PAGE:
What are the Dangers of Social Engineering Scams?

Posted on 23 May 2017 |

dangers social engineering scamsAccording to the 2017 Verizon Data Breach Investigations Report, financial businesses are still the prime target for cybercriminals. But colleges and universities shouldn't breathe a sigh of relief because they still offer a valuable target.

Last year at Tidewater Community College (TCC), the personal information -- including names, social security numbers, and wage data -- of more than 3,000 employees was sent to criminals when an employee in the school's finance department fulfilled a request for the information that appeared to come from a supervisor's official campus account.

Rather than responding to a legitimate request, the TCC employee fell victim to a social engineering scam, a cyberattack that uses deception and human gullibility to gain access to restricted information or penetrate otherwise secure networks.

Common social engineering scams include:

  • Phishing - fraudulent emails or social media posts intended to elicit confidential information from the recipient
  • Baiting - leaving in a public place a USB drive or other storage with malicious code embedded on it, just waiting for someone to find it and plug it in
  • Quid pro quo - offering a service that is "too good to be true" (like an attractive job listing) in exchange for personal details or login information
  • Typosquatting - creating a fake login page that looks near identical to one of a legitimate business, while using a domain name that is one letter off from the actual site

And these techniques are effective.

In its most recent report, Verizon found that 7.3 percent of evaluated users fell for phishing schemes at least once, and 15 percent of that group "took the bait a second time." Altogether, 1 percent of users were recorded clicking on suspicious links or attachments contained in emails more than three times.

Of course, email isn't the only avenue for attack. A 2016 report from Proofpoint found that 40 percent of Facebook accounts and 20 percent of Twitter accounts purporting to represent a global 100 brand were, in fact, fraudulent.

Given the heavy use of social media on today's campus, these platforms pose a number of new vulnerabilities that scammers are more than willing to manipulate. And by sending their phishing message directly through social media, criminals can now bypass most of the security measures and email filtering tools that your school has set up to protect your campus.

What Can Your School Do?

Update cybersecurity

Regularly review your internal systems for potential vulnerabilities, and update email filtering technology to aggressively search for phishing attempts or malicious files. Employ monitoring tools that can identify suspicious behavior and help your cybersecurity team respond more quickly to a data breach.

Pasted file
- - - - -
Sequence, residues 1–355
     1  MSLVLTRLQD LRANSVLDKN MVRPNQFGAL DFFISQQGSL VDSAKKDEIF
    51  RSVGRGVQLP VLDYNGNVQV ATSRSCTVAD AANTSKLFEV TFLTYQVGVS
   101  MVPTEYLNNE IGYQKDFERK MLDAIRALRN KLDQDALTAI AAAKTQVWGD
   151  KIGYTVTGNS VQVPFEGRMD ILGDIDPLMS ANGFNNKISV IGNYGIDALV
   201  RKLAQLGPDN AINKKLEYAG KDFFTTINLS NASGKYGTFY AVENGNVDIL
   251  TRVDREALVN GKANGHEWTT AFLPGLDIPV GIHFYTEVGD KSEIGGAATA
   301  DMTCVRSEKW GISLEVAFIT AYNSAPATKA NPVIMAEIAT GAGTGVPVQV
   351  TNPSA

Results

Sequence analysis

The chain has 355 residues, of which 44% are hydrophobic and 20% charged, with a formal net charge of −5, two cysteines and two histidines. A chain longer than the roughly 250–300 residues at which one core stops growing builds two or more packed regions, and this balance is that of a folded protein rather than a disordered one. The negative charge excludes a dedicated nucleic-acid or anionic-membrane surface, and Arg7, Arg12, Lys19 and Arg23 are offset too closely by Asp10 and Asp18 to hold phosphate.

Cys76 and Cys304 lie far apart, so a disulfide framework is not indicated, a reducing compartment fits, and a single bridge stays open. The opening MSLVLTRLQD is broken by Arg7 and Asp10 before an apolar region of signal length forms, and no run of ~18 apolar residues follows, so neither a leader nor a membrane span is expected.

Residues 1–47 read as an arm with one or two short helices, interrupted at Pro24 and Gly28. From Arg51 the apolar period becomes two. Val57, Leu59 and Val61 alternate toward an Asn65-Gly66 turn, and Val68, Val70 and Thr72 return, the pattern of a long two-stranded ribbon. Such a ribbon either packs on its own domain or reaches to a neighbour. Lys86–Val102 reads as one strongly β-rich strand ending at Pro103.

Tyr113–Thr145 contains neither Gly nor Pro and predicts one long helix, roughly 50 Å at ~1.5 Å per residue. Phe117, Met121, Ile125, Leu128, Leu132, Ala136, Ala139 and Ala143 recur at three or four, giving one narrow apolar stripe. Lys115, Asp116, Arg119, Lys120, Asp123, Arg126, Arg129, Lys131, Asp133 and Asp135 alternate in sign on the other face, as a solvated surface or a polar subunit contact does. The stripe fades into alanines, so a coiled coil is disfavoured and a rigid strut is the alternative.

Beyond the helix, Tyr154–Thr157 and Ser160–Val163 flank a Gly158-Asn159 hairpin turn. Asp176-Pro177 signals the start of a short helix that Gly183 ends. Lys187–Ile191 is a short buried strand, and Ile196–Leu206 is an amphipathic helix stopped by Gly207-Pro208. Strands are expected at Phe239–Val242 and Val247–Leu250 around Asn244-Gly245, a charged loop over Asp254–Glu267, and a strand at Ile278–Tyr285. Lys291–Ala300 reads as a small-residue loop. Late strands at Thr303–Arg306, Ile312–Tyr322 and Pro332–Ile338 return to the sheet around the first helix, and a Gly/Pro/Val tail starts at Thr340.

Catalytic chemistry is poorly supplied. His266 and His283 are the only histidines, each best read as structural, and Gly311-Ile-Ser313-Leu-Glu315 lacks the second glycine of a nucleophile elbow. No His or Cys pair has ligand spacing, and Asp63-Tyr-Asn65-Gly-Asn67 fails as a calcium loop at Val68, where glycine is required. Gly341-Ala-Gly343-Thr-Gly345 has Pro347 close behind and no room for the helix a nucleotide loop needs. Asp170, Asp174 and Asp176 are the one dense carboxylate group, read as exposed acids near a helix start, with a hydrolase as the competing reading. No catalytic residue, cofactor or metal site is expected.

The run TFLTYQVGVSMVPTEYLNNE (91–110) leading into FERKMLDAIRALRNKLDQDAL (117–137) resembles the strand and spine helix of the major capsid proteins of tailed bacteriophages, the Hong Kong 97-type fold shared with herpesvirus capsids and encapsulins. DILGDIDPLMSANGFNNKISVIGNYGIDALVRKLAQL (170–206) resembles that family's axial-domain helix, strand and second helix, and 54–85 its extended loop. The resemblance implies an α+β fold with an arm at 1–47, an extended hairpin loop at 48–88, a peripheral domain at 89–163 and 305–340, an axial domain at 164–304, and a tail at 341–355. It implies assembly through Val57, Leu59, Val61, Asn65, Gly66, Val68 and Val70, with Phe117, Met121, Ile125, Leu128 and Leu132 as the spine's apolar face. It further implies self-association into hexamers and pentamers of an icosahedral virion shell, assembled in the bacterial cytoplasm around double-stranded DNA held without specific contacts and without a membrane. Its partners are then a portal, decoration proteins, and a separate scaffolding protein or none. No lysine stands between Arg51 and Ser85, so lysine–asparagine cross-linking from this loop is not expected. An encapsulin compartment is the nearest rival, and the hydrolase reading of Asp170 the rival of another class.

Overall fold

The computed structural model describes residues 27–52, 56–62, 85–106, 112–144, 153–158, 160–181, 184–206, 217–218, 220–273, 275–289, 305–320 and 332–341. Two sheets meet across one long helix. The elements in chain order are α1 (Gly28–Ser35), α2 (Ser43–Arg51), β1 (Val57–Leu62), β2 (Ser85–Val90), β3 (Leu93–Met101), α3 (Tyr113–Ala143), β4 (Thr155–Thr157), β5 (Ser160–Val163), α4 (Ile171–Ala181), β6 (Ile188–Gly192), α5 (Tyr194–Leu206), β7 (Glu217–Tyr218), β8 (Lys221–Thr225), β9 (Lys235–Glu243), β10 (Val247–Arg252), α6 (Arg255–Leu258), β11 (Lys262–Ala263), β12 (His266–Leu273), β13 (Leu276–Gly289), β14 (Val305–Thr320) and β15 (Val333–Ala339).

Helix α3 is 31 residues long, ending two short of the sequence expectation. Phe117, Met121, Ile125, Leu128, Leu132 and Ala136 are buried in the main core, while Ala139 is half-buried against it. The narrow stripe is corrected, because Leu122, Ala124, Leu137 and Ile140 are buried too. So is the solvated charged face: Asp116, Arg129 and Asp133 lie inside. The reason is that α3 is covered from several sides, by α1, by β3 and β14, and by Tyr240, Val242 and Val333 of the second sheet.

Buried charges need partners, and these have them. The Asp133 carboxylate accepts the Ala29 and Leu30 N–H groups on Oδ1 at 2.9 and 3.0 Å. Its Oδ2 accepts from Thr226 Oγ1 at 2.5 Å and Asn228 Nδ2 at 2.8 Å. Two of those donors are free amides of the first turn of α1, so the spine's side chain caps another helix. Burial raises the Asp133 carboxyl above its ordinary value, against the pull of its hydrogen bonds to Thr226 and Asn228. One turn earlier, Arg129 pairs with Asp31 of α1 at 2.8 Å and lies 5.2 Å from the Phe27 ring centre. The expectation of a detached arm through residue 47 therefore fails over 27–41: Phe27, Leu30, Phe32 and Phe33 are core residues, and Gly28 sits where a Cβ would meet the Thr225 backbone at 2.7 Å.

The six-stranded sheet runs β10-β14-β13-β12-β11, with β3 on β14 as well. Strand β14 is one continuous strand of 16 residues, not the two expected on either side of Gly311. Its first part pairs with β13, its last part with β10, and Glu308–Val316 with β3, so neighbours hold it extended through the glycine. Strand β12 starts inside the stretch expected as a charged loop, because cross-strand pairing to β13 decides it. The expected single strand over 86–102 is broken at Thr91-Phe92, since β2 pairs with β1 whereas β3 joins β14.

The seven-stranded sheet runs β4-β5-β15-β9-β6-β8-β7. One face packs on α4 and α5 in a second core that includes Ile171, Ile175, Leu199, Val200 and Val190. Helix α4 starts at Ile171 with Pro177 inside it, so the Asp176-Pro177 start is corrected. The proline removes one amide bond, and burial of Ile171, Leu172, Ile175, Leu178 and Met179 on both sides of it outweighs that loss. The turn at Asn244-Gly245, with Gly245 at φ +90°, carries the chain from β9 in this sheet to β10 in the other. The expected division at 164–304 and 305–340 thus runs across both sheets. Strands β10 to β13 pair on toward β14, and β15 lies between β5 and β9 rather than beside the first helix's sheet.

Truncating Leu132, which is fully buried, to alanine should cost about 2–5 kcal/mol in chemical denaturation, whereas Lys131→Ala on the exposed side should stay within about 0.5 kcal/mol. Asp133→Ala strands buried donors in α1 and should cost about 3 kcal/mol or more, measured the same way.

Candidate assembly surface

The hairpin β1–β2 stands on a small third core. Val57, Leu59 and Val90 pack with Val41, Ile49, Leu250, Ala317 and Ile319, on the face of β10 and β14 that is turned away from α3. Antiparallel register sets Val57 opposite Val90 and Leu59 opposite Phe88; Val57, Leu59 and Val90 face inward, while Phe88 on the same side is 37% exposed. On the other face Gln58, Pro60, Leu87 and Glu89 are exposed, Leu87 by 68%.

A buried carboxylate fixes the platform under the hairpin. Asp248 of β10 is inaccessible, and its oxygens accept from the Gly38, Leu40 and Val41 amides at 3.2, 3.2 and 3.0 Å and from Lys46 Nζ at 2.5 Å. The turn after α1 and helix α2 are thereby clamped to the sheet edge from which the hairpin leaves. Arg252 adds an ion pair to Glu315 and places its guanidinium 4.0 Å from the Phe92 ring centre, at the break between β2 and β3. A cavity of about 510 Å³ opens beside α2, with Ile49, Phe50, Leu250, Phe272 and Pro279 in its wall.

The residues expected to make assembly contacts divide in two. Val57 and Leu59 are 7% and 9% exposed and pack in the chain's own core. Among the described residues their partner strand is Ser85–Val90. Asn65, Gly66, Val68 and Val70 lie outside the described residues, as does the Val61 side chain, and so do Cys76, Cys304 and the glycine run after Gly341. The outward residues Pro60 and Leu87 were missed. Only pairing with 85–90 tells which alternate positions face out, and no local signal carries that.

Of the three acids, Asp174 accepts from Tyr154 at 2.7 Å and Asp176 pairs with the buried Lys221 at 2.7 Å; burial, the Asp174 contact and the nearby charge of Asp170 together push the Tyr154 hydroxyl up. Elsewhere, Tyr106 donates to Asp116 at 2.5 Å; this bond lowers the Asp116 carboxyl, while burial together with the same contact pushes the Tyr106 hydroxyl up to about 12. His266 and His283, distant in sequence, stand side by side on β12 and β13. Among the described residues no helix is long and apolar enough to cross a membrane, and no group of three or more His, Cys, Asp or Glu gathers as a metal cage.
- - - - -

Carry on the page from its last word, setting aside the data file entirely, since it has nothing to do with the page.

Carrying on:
Consider implementing a multi-factor authentication -- requiring a password plus additional verification from a separate device -- for critical systems or high-risk files.

Educate

Cyberscammers, much like traditional con artists, mainly rely on the naiveté and gullibility of their targets. But by properly training your students and faculty on how to spot and respond to these schemes, their likelihood of success is greatly reduced.

Consider establishing a cybersecurity awareness week on your campus, or if your more ambitious, participate in National Cyber Security Awareness Month. Offer training sessions and seminars designed to help those on your campus develop healthy online security habits that will protect not only your school but their personal information as well.

Go fake phishing

To identify security gaps or just further educate general users, several schools have begun to test students and faculty with fake phishing emails.

After more than 290 students, faculty, and staff had fallen prey to phishing scams in a single semester, North Dakota State University began sending phishing emails of its own. These messages were designed "to look like real phishing messages, but they w[ould] not cause harm, collect personal information or result in any penalty or punitive action." Instead the contained links redirected students and faculty to a resource page that educated users about phishing schemes.

Conclusion

No matter how much your school may invest in technology, your campus cybersecurity is only as strong as its weakest link. And that weakest link is routinely the ignorance of the staff, faculty, and employees that access school systems every day.

If you would like to learn more about how Campus Answers can help your school promote data security awareness, request a demo of our services today.

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